Challenges facing nuclear power
Nuclear fusion remains a distant alternative to fission technologies at present. In nuclear fusion, energy is produced by the fusion of deuterium and tritium, two isotopes of hydrogen, to form helium and a neutron. Effectively unlimited quantities of the primary fuels, deuterium and lithium (from which tritium is produced), are easily available. Due to low fuel inventory, a runaway reaction or meltdown of a fusion system is not possible. Radioactive waste from fusion decays in 100 years to activity levels similar to that from coal. The proliferation risk from fusion is minimal since any fertile materials would be easily detectable.

Investigations of possible commercial development of fusion energy include inertial fusion and various forms of magetic confinement of high-temperature plasma. Current research is focused on magnetic confinement in toroidal (doughnut-shaped) geometries and on laser-induced inertial confinement. Laboratory experiments in tokomaks—machines that produce a toroidal magnetic field for confining a plasma—have produced 10 megawatts of heat from fusion for about one second. The ITER project (ITER means ‘the way’ in Latin), a collaboration of China, Europe, India, Japan, Russia, South Korea and the United States, is planned to produce 500 megawatts of fusion heat for over 400 seconds. In parallel with ITER, research is planned to target higher power and continuous operation and to develop advanced materials and components that can withstand high neutron fluxes. Some ITER partners anticipate demonstration fusion power plants about 2035 and commercialization starting about 2050.


While operating costs for many existing nuclear power plants are quite low, the current upfront capital cost of constructing a new plant is higher than the cost of conventional new fossil fuel-fired electricity-generating technologies.37 Cost reductions could help to improve nuclear energy’s competitiveness in terms of real, levelized cost in cents-per-kilowatt-hour, relative to other options (Table 3.3).38 Projections of future cost for nuclear power are, of course, highly uncertain, especially in the case of advanced reactor designs that have yet to be built or operated anywhere in the world. In some countries, moreover, cost uncertainty is likely to be compounded by the potential for delays and difficulties in siting, permitting, and construction. For all of these reasons, private financial markets in many parts of the world will tend to assign a substantial risk premium to new nuclear investments for some time to come.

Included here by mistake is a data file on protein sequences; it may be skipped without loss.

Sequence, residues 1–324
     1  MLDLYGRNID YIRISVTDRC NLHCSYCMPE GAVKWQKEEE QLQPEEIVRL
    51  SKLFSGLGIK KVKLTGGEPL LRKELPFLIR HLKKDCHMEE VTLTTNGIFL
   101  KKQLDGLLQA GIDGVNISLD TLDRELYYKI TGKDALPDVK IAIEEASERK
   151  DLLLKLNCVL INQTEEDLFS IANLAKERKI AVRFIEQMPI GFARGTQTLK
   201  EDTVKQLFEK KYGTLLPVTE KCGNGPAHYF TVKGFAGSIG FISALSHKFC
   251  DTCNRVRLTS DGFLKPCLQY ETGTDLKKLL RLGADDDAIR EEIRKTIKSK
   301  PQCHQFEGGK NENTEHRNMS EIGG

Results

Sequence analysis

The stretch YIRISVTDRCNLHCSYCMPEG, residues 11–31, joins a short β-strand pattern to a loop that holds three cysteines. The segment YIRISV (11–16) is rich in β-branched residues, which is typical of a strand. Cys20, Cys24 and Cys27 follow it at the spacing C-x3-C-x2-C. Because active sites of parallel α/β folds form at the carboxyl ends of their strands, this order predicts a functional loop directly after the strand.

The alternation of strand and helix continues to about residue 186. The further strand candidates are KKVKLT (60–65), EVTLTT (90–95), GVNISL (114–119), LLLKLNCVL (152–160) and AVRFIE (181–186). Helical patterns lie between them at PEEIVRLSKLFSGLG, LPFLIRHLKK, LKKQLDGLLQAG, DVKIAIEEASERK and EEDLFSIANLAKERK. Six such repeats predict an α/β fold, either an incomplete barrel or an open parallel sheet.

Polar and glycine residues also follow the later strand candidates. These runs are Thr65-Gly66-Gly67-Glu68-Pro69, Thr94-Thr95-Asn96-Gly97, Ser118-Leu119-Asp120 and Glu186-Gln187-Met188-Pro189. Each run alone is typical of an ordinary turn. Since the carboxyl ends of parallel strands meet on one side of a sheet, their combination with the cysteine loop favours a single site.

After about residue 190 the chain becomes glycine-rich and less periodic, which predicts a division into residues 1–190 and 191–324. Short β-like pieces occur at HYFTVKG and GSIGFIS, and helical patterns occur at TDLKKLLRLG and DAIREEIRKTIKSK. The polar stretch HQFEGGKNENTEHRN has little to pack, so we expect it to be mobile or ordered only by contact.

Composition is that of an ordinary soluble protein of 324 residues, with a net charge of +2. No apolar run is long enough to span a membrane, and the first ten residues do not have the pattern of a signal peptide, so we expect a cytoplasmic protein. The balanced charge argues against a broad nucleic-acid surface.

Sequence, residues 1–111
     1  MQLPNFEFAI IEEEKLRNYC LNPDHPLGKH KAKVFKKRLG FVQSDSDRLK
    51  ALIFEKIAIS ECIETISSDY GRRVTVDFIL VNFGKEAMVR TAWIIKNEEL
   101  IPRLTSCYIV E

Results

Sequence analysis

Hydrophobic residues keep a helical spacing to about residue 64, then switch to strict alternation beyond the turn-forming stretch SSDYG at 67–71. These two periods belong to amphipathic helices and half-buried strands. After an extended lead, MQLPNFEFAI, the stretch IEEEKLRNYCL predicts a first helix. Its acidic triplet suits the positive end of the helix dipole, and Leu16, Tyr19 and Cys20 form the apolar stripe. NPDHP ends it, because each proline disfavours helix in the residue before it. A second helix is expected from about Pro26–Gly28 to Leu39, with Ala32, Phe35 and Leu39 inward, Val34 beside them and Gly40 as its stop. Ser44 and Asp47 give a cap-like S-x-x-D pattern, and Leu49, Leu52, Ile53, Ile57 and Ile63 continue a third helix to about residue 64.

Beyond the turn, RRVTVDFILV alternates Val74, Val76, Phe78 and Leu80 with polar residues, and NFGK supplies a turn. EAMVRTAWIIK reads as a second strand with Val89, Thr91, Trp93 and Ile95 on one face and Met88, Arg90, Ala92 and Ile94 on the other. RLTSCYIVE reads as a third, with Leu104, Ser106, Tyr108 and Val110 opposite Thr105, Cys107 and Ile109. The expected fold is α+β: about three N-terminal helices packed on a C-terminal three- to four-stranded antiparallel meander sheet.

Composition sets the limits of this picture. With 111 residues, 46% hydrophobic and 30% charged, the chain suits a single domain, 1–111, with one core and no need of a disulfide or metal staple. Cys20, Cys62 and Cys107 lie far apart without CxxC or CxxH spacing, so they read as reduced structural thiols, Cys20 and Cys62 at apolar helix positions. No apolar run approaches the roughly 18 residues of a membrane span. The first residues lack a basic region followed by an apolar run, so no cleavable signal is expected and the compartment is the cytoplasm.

Note: Gas costs reflect real, levelized acquisition costs per thousand cubic feet (MCF) over the economic life of the project. CCGT refers to combined cycle gas turbine; kWeh refers to kilowatt-electricity hour. Figures use 2002 US$.

Source: MIT, 2005.

Obviously, a number of developments could change the relative cost picture for nuclear power. Further technology improvements, greater public acceptance and regulatory certainty, and progress in addressing the waste disposal issue would produce lower cost estimates and, perhaps more importantly, alter current perceptions of investment risk.39 Successful development of simplified, standardized reactor designs that would expedite licensing and construction, in particular, could greatly improve the industry’s prospects. Nuclear power would also be more competitive in the presence of a binding carbon constraint and/or if fossil fuel prices rise. Whether a carbon constraint would by itself produce a significant shift toward nuclear power would, of course, depend on the magnitude of the price signals and on the cost of other non- or low-carbon alternatives, including renewable energy sources, coal with carbon capture and sequestration, and highly efficient natural gas technologies. Without the presence of a carbon cap or tax on carbon and/or active government intervention in the form of risk-sharing and/or financial subsidies, most experts conclude that the private sector is unlikely to make substantial near-term investments in nuclear technology and other non-or low-carbon alternatives —especially in the context of increasingly competitive and deregulated energy markets.